If a file is only read by a single process and never modified by any other process, the reads are deemed ephemeral. In general, ephemeral reads are of interest. In the special case that the reads are from "garbage" files (such as applications' predefined temporary files), it may be preferable to eliminate them from the graph. This transformer supports the read elimination, using a list of garbage files specified in the SPADE configuration
cfg/spade.transformer.NoEphemeralReads.config. If the optional argument
limited=false is specified, ephemeral read
elimination is not limited to the files specified in the configuration.
-> add transformer NoEphemeralReads position=1 limited=false Adding transformer NoEphemeralReads... done
A query response graph may contain portions that are not of interest. This transformer takes an expression framed over the annotations on vertices. It will prune the subgraphs that flow to or from all matching vertices (with the direction automatically determined by query that gave rise to the response graph). For example, it may be preferable to ignore the provenance of the sudo command when returning the provenance of a file created by the program that was executed via sudo. This can be effected with:
-> add transformer Prune position=1 expression=name:sudo Adding transformer Prune... done
A file may be renamed or linked to, allowing it to subsequently be referred to by a new name. This transformer can be used to retain the write edge from the process that performed the rename or link operation to the new artifact, while eliminating the analogous read edge from the old artifact and the edge between the old and new artifacts. This simplifies the provenance to reflect only the last name of an artifact.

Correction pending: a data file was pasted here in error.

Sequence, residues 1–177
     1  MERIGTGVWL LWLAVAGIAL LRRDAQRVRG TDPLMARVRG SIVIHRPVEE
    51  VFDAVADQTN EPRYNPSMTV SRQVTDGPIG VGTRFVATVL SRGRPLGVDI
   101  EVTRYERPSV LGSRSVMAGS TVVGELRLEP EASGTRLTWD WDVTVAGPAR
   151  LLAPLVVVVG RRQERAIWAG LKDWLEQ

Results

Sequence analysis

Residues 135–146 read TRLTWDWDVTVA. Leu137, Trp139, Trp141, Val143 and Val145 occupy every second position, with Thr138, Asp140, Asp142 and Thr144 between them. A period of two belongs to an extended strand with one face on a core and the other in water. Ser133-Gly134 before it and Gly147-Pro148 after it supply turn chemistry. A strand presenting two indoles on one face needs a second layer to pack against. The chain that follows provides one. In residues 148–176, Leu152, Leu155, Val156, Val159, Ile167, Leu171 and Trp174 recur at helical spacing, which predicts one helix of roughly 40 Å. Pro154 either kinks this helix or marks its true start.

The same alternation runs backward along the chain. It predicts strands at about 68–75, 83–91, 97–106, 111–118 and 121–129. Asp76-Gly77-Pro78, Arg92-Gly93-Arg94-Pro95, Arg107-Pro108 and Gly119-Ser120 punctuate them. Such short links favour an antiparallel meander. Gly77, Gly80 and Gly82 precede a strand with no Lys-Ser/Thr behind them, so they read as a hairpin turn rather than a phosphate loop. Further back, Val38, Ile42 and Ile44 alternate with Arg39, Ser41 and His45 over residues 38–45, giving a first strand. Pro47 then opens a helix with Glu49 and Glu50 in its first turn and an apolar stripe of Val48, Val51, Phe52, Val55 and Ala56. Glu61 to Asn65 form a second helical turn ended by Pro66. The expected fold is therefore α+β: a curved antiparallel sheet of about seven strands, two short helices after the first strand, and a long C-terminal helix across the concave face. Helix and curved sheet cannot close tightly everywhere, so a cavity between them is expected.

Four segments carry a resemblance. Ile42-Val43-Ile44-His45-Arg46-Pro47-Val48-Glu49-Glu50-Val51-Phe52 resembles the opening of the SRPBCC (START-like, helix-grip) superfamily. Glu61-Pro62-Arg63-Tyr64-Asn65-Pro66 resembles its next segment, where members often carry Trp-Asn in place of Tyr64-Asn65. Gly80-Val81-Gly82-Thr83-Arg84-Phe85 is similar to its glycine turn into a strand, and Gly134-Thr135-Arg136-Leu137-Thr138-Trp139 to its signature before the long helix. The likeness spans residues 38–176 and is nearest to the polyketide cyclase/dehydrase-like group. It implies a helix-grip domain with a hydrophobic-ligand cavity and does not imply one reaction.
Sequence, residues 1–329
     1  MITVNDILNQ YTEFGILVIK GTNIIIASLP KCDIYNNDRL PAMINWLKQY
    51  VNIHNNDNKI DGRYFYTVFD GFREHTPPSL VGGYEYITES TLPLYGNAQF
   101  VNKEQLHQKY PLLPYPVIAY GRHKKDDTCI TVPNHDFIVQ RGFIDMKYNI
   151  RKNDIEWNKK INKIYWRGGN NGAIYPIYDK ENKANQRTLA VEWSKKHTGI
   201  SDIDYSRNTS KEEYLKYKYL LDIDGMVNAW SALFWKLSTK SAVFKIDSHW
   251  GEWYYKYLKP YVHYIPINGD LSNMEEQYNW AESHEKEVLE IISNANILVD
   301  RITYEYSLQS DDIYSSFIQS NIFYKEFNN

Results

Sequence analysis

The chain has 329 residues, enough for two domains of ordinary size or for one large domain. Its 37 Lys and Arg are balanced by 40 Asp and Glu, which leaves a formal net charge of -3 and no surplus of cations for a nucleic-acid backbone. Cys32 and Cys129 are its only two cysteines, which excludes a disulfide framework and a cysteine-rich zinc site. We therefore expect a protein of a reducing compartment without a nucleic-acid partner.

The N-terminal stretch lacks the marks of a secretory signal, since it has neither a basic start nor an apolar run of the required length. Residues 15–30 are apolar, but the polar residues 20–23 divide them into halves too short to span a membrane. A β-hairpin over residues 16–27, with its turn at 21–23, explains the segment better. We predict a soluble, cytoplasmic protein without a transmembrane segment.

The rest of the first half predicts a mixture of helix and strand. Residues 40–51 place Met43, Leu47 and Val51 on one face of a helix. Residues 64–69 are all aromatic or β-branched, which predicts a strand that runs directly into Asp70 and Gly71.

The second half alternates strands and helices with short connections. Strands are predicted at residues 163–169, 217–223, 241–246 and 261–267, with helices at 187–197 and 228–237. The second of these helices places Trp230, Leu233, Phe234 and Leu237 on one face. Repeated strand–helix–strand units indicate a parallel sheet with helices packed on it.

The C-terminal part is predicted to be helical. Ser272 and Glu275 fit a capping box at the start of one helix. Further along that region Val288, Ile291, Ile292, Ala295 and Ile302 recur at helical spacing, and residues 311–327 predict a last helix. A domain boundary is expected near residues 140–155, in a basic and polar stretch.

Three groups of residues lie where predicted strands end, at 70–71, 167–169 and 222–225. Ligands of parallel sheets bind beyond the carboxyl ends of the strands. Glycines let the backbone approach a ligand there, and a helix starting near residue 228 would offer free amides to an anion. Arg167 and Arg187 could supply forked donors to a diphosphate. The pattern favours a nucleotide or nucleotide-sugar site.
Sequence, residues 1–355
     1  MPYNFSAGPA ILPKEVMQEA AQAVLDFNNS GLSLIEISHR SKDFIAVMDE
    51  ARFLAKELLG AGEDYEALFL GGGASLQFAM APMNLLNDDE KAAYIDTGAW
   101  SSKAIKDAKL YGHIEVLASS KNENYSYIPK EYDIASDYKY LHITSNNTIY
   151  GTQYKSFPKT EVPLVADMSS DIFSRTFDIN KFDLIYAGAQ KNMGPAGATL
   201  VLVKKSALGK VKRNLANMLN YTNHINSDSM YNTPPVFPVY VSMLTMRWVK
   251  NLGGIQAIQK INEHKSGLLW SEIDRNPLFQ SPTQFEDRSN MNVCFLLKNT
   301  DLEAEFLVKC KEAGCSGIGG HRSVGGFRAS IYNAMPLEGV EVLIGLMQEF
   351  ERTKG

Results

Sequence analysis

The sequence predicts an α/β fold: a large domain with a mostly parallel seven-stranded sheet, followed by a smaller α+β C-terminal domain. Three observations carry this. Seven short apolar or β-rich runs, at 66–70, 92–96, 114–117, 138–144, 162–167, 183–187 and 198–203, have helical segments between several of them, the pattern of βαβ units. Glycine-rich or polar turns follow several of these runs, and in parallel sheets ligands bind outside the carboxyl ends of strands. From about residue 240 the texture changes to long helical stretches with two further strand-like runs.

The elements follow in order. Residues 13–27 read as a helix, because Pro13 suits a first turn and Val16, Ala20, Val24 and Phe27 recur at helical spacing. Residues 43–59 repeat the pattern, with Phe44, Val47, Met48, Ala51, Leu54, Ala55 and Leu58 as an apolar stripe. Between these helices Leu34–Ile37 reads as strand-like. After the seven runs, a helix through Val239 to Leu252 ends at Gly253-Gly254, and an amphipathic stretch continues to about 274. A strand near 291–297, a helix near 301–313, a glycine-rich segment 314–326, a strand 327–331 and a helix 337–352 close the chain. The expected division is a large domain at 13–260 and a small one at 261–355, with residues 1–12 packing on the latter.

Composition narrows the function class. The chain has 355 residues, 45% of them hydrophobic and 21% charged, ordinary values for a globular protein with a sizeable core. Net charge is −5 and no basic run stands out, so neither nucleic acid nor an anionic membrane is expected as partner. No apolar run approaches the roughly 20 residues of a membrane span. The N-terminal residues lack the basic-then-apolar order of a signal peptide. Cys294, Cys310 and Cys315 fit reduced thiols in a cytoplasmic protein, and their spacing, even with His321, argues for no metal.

When a program is instrumented with BEEP1, internal loop execution can be interpreted as unit vertices. In the context of workflow analysis, it may be preferable to abstract away the units. This transformer does this by merging all unit vertices with that of the containing process.
When BEEP1 is used, inter-unit communication may occur through memory addresses that are depicted as artifact vertices in the provenance graph. If this level of detail is not needed, this transformer can be used to abstract away the flows through memory addresses. In particular, memory artifact vertices and the edges representing reads to and from them are eliminated.
This transformer composes several others in a specific order. It can be used to provide results that match those produced by BEEP1. Different transformations must be performed, depending on whether an ancestor or descendant lineage query was executed. The specific transformers, arguments, and order used for each type of query are defined in the SPADE configuration file
cfg/spade.transformer.BEEP.config, which has sections for both ancestor and descendant queries. This transformer automatically determines which configuration to use based on the query that gave rise to the response graph being processed.
1Kyu Hyung Lee, Xiangyu Zhang, and Dongyan Xu, High accuracy attack provenance via binary-based execution partition, 20th Network and Distributed System Security Symposium, 2013.